Changes to lettings law: asking tenants to leave and handling issues
A new month and a new set of rules for landlords of private lets to abide by. You may have read our blog about carbon monoxide and smoke detectors becoming compulsory installations in all new lets but there are other changes to lettings laws to digest.
As of the 1st October, the way a landlord asks a tenant to leave the property they rent has changed. In the industry this is called a Section 21 repossession. Politely, it relates to a landlord giving tenants notice to leave a property.
In the past, a landlord had to give the tenant at least two month’s notice if they wanted their property back, whereas a tenant could walk out of a property on the last day of the tenancy without informing the landlord. To avoid such scenarios, some landlords were in the habit of issuing Section 21 notices at the start of the tenancy, to expire on the last day of the contract.
As of 1st October, all new tenancies will be governed by new Section 21 rules. Landlords agreeing new tenancies will not be able to issue a Section 21 within the first four months of a tenancy. Additionally, a section 21 notice will become invalid if proceedings are not issued within 6 months of service. From October 2018, this new ruling will apply to all tenancies, not just new ones agreed after this date.
The next newly-introduced rule relates to property maintenance. As of 1st October a landlord can only serve a Section 21 notice if all outstanding complaints about the rented property’s state of repair have been resolved.
Lastly, there are new rules pertaining to how a landlord deals with maintenance
issues. The new law states that an ‘adequate response’ should be provided within 14 days of receipt of a complaint about the condition of a property. It is expected that all property maintenance correspondence between tenants, landlords and letting agents should be made in writing, and that the landlord should respond stating what they propose to do and in what timeframe. Response times will now be determined by whether there is a vulnerable tenant in occupation.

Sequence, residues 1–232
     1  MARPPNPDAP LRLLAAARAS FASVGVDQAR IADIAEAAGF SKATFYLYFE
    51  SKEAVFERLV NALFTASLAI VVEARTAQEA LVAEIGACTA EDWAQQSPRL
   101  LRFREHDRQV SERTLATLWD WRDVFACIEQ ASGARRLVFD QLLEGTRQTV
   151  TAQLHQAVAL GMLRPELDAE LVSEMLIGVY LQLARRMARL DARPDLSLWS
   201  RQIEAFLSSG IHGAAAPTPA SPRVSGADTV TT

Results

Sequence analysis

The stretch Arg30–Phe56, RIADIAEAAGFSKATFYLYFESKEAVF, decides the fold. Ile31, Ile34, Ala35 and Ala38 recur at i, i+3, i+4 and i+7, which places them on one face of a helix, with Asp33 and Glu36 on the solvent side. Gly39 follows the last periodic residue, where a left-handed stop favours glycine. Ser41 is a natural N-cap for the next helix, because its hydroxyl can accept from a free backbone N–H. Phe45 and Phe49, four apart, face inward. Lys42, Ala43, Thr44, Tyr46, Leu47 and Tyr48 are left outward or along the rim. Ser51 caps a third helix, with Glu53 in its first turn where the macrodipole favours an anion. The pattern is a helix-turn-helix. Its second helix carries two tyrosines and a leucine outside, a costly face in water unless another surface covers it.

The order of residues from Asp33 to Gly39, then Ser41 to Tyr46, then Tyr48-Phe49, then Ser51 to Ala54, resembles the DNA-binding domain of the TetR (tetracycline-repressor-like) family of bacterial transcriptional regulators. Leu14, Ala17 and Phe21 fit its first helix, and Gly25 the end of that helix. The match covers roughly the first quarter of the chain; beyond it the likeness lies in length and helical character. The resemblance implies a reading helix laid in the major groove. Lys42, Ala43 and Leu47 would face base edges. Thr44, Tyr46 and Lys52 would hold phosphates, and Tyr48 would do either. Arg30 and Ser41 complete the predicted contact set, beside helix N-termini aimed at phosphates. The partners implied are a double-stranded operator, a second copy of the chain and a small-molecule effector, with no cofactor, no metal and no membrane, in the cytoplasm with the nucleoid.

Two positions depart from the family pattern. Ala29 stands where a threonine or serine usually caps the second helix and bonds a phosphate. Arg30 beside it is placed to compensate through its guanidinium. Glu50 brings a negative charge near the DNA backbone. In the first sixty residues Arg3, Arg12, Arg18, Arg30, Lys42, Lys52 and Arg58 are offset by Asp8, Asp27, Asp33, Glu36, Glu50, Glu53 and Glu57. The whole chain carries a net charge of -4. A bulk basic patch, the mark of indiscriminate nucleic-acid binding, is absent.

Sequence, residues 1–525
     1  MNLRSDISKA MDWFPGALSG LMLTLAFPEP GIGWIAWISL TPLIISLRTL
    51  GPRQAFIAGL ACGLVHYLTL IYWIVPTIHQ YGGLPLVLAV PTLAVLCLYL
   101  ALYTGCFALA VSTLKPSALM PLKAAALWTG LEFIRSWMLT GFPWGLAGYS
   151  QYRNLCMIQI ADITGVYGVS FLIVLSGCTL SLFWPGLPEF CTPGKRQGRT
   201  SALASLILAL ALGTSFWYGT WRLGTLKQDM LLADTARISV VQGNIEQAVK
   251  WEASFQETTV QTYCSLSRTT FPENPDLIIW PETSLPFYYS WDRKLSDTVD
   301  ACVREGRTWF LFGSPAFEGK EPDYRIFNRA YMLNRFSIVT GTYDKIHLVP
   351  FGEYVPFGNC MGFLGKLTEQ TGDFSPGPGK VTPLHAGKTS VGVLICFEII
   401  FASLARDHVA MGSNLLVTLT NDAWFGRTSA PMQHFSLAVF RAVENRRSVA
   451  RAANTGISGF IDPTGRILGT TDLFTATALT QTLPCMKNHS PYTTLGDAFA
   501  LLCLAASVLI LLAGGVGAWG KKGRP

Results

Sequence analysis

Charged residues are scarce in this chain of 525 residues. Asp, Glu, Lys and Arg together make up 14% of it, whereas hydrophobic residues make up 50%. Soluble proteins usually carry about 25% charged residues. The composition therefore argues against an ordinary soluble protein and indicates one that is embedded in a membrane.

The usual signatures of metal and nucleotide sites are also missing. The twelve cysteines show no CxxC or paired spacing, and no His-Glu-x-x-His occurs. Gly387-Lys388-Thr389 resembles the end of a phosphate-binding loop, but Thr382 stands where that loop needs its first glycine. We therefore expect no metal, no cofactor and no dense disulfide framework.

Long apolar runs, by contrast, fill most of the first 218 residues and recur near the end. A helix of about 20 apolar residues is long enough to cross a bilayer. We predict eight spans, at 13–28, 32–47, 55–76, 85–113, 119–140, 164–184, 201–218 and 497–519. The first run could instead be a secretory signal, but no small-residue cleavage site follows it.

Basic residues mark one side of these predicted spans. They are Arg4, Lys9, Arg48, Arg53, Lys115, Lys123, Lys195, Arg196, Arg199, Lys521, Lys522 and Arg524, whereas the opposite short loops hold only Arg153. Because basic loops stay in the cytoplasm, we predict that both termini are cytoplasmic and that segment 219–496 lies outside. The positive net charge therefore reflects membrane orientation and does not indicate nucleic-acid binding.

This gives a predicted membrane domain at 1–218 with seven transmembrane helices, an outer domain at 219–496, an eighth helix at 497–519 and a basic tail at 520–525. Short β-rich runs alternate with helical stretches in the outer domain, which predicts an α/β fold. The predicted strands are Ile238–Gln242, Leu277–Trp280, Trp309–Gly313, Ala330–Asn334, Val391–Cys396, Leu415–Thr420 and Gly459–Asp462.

Here at Jones Robinson we use an online property maintenance reporting system, which ensures that all tenant maintenance issues are gathered in writing, logged, responded to and dealt with in line with the new lettings laws. There’s even a function for the tenant to specify if they deem themselves as a vulnerable occupant. Importantly, the audit trail the system creates will provide both the landlord and the tenant with a written record of maintenance complaints, official responses and details of any works carried out. This is especially important in light of the new Section 21 law regarding outstanding property maintenance issues and the ability to issue a repossession notice.
If you are a landlord and would like to know more about the new section 21 and property maintenance laws, feel free to contact the Jones Robinson lettings department today.